Stalin’s economic policies
The conflict between the ideas of
Trotksky and Stalin also spilled into
• Trotsky argued for ‘continuous revolution’ so that the
USSR supported Communist revolutions in other
countries as a way of bringing about ‘the triumph of
communism’ which Marx had predicted and also
protecting the USSR herself. Economic resources would
be used on foreign policy
• Stalin argued for ‘Socialism in one country’ whereby
the USSR concentrated on becoming as strong as other
Western States and protected herself that way.
Economic resources would be used on domestic policy.
Stalin’s success in the power
struggle meant that his economic
ideas were used
• ‘We are fifty to a hundred years behind the
advanced countries. We must make good this
difference in ten years. Either we do it or we
shall be crushed’.
• How this was to be done was through the
collectivisation of agriculture and the
industrial 5 Year Plans.
Collectivisation ~ the need
• To allow the USSR to industrialise quickly what was needed
• State funding to capitalise factories to allow them to
establish, expand or purchase modern machinery
• Food to feed the rapidly expanding proletariat
• Therefore agricultural production had to increase and the
State had to control what happened to the food:
• Sell overseas to raise money
• Feed the workers in the cities
Soviet agriculture
• In 1928 75% of all people living in the USSR working
in connection with agriculture
• Most farming was inefficient:
Small farms
Little mechanisation
Poor knowledge of modern farming techniques
Much at subsistence level
• Top end peasants were known as Kulaks. They were
rich. Approx 65% of all peasants were self-sufficient
Collectivisation – the theory
• The Bolshevik policy-makers were mostly urban dwellers and
didn’t understand or trust the peasants.
• Stalin understood that they would not be prepared to give up
their land. His view, like Lenin’s, was that they should be
encouraged – the difference was that he thought that they
should be forced if they didn’t change voluntarily
• The Government understood that large farms could work
more efficiently – there would be economies of scale, modern
methods including mechanisation could be used.
Collectivisation – the structure
• Two types of collective farms:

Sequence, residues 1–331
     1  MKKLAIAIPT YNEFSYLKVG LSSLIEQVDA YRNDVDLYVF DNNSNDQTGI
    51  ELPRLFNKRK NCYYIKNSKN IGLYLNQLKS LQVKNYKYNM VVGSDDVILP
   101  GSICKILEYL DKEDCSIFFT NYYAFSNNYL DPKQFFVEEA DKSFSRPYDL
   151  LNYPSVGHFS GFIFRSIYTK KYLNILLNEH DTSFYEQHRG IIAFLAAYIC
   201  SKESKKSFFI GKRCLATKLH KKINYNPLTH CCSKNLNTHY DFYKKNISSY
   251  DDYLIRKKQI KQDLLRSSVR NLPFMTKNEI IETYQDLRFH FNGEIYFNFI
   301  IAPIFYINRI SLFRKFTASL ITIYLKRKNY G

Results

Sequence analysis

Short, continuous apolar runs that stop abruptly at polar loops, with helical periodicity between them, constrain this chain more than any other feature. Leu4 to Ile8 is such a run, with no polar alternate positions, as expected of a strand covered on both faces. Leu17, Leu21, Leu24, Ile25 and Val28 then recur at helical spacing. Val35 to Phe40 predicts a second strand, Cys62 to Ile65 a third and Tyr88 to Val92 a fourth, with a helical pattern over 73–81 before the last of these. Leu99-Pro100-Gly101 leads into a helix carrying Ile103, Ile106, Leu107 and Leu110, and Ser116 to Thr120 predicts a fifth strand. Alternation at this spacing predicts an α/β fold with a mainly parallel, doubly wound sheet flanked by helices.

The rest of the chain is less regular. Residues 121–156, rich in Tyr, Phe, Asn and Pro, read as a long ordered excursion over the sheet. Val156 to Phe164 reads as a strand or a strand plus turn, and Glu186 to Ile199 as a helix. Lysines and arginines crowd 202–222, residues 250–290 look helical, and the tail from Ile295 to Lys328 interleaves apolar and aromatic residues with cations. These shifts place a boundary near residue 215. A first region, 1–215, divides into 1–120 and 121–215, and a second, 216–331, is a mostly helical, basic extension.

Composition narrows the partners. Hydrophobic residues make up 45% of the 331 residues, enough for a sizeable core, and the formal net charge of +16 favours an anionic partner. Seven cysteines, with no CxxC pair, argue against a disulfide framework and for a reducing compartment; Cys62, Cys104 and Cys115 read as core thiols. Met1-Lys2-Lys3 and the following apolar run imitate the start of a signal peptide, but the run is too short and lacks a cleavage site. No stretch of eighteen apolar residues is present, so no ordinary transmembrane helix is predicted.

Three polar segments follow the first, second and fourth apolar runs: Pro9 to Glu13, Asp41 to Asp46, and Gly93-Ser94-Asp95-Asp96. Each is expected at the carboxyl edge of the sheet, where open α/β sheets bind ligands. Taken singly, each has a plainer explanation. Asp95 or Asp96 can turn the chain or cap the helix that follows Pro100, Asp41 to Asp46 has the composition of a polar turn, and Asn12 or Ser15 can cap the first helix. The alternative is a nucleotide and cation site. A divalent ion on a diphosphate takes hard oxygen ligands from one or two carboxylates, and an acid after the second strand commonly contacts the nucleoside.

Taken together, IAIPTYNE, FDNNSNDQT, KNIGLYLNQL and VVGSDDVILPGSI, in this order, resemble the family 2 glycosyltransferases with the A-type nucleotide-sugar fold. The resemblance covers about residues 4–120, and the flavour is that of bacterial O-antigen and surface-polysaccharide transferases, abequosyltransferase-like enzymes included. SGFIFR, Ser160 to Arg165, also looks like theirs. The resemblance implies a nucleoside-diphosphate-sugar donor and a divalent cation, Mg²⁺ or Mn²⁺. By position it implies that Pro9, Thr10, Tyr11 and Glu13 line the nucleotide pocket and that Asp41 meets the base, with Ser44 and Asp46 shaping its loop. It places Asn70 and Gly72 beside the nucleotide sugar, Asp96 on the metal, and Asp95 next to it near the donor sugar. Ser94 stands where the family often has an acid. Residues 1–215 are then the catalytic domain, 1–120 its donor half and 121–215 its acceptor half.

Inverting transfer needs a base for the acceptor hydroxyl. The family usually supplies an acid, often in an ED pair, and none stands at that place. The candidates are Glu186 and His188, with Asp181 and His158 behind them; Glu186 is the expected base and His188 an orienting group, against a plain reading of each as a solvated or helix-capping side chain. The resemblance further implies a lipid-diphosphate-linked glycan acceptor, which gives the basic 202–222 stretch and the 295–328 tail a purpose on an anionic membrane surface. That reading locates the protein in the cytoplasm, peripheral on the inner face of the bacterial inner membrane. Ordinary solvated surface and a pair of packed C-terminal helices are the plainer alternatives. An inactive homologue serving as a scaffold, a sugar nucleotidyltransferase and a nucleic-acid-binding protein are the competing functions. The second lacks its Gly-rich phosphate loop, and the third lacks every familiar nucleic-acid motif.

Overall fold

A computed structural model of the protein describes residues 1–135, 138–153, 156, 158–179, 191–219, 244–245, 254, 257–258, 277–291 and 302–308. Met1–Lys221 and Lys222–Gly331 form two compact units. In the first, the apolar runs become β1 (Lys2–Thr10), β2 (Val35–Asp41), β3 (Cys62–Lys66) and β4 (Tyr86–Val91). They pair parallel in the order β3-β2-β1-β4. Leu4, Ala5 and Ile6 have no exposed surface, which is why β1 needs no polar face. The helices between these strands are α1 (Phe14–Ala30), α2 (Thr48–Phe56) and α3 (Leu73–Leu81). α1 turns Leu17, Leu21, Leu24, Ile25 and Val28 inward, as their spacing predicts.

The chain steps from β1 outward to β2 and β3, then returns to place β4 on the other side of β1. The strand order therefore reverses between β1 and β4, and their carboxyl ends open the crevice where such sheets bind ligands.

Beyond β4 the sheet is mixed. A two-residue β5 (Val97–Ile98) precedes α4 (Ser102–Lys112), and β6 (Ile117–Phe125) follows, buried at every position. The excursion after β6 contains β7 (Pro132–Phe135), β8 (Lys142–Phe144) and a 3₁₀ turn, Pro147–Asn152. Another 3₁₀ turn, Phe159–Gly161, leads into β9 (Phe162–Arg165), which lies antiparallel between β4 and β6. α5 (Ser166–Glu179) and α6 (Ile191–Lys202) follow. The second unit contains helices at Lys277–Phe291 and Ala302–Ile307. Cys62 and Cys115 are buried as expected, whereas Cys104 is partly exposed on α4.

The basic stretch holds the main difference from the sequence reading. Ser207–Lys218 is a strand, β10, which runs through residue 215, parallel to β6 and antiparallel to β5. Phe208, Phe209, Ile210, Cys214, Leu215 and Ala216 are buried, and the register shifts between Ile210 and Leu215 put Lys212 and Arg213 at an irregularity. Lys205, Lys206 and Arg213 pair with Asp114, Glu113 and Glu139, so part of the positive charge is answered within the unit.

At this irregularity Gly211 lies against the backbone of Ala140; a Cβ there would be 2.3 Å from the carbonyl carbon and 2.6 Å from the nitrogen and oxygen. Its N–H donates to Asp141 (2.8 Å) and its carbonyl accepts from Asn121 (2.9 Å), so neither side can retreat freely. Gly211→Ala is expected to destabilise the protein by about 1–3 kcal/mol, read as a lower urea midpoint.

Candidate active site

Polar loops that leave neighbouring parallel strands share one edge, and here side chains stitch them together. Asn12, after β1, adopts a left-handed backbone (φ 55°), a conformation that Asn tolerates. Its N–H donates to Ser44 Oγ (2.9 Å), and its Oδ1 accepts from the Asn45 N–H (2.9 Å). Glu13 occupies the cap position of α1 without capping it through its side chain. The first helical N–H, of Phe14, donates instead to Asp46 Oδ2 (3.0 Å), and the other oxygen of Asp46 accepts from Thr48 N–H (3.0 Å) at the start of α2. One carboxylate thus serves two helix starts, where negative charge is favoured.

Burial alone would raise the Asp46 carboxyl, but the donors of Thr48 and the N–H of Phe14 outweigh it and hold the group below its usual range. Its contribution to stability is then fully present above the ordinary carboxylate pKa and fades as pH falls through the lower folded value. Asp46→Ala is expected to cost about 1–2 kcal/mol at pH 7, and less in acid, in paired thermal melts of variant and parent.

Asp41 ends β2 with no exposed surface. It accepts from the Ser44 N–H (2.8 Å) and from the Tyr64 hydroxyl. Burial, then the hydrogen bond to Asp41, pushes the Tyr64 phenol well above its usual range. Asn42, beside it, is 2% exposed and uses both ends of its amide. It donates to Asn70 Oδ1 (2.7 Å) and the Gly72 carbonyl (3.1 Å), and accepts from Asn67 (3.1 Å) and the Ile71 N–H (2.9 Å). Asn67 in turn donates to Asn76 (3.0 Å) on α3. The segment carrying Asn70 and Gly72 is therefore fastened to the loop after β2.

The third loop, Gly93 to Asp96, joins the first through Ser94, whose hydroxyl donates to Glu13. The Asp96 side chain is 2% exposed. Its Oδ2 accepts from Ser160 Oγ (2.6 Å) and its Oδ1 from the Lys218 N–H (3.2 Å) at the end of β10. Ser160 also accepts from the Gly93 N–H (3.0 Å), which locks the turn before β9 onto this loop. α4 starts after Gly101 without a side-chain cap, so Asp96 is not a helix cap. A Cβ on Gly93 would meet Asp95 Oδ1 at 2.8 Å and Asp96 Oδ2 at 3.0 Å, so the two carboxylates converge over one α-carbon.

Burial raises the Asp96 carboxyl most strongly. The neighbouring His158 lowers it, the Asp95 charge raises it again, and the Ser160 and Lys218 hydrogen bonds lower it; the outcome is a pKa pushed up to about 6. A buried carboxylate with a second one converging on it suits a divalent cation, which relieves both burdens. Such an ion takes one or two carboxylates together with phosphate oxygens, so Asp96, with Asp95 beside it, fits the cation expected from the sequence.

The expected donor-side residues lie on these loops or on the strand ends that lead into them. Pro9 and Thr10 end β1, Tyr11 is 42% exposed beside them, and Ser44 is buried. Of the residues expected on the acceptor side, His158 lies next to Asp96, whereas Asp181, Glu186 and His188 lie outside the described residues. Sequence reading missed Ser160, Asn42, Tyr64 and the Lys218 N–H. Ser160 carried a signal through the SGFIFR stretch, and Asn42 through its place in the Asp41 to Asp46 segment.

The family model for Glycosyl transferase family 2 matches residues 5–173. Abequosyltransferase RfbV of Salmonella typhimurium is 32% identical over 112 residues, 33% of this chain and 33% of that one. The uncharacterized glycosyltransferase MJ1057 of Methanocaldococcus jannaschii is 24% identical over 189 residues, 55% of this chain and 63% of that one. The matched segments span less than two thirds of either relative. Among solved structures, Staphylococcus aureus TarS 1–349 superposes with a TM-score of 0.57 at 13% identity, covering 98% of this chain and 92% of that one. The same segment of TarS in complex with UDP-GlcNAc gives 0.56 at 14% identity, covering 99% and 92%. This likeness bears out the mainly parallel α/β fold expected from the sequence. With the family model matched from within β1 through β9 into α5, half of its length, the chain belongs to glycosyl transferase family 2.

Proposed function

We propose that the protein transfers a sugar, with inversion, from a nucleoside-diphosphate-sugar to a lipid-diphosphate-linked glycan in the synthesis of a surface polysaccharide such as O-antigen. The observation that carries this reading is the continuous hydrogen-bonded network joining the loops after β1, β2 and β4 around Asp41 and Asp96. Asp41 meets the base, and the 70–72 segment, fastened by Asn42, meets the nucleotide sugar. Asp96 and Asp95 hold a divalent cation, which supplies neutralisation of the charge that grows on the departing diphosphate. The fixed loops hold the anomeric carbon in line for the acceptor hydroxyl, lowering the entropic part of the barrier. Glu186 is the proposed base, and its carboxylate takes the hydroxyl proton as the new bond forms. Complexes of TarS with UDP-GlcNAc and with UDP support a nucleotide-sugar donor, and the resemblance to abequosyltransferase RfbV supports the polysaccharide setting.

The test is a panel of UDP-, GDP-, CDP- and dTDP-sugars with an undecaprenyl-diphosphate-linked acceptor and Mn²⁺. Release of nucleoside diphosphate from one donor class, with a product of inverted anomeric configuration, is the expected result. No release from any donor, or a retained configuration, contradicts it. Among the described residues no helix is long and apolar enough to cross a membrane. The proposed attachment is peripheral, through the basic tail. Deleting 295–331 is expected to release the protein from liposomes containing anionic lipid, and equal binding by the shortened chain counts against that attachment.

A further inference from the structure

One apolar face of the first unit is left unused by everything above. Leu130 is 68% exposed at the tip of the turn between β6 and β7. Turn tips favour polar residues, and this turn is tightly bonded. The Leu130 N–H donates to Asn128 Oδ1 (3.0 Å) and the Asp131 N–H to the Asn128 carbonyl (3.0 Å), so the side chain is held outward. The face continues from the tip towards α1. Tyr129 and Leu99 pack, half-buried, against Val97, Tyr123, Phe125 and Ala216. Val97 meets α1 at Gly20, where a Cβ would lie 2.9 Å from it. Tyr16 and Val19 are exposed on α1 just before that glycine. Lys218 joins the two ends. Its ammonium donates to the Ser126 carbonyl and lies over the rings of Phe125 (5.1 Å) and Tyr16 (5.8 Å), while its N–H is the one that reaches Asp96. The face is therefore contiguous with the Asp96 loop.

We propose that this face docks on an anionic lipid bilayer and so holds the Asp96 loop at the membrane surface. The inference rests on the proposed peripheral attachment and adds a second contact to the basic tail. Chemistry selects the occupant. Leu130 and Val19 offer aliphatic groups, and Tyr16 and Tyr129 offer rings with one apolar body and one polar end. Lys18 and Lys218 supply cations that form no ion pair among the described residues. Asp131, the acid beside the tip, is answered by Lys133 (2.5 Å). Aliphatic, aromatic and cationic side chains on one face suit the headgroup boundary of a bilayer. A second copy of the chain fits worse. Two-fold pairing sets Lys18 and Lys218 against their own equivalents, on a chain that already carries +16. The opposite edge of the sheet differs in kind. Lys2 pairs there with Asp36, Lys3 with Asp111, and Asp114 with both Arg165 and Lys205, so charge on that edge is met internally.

– Kolhoze: existing farms gathered together into one large
farm owned by the State; peasants live in village
communities with amenities provided by the State;
specialisation of tasks; wages instead of food; if the farm
made a loss the peasants absorbed the financial hit.
– Sovkhoze: new collective farm set up by the State; they
were ‘workers’ and therefore received a wage fixed by the
State; losses were covered by the State
• In addition the State would set up Mechanical and Tractor
Stations (MTS) to allow collective farms to hire equipment
Collectivisation - method
• Most peasants (especially the Kulaks) were not prepared to
collectivise voluntarily.
• 27th December 1929 Central Committee issued the order to
force collectivisation.
• Most peasants resisted, led by the Kulak class, as the peasants
had resisted War Communism and the Bolshevik Government
responded as they had before.
• 30th January 1930 the Central Committee issued the order ‘On
Measures for the Elimination of Kulak Households in Districts
of Comprehensive Collectivisation ~ this directed OGPU to
‘solve’ the Kulak ‘problem ‘ and remove any obstacles to
The ‘red holocaust’
• The Kulak class were executed, imprisoned, deported or
relocated to marginal land. Prison camps, known as GULAGs
were set up in Siberia. By the end of 1931 they were
destroyed as a class
• Once the Kulak class had been destroyed Stalin then offered
the peasants in the new collective farms a concession that
they could have small plots of land themselves and some
animals but this was just a trick to generate more food and
seed. It was promoted to the peasants as a return to the NEP
• Once the Spring of 1932 arrived, collectivisation was restarted and peasants who opposed this were executed or
deported to GULAGs
The Famine
• With the loss of the Kulak class and the disruption to the
routine of agriculture brought about by collectivisation the
harvest of 1932 was very poor.
• Central Government set unrealistic production quotas for the
collective farms and when these were not met OGPU was
used to confiscate all the food available in an area.
• There was a wide-spread famine across the USSR. It is
estimated that a minimum of 10 million peasants died 193233.
• Stalin saw this as a way of driving collectivisation on,
consolidating his power and removing potential opponents
Collectivisation ~ an evaluation
• By 1941 almost all farming was collective
• Levels of food production fell drastically, the social
and economic benefits of modernisation were slow
to come, millions of people died.
• Most historians (such as Wood or Shukman) see this
as Stalin sacrificing millions of peasants to secure his
position and drive forward industrialisation. Others
(such as Getty or Nunes) argue that it was necessary
to protect the Communist Revolution or that it was
not planned, but was instead the result of a lack of

Stalin`s economic policies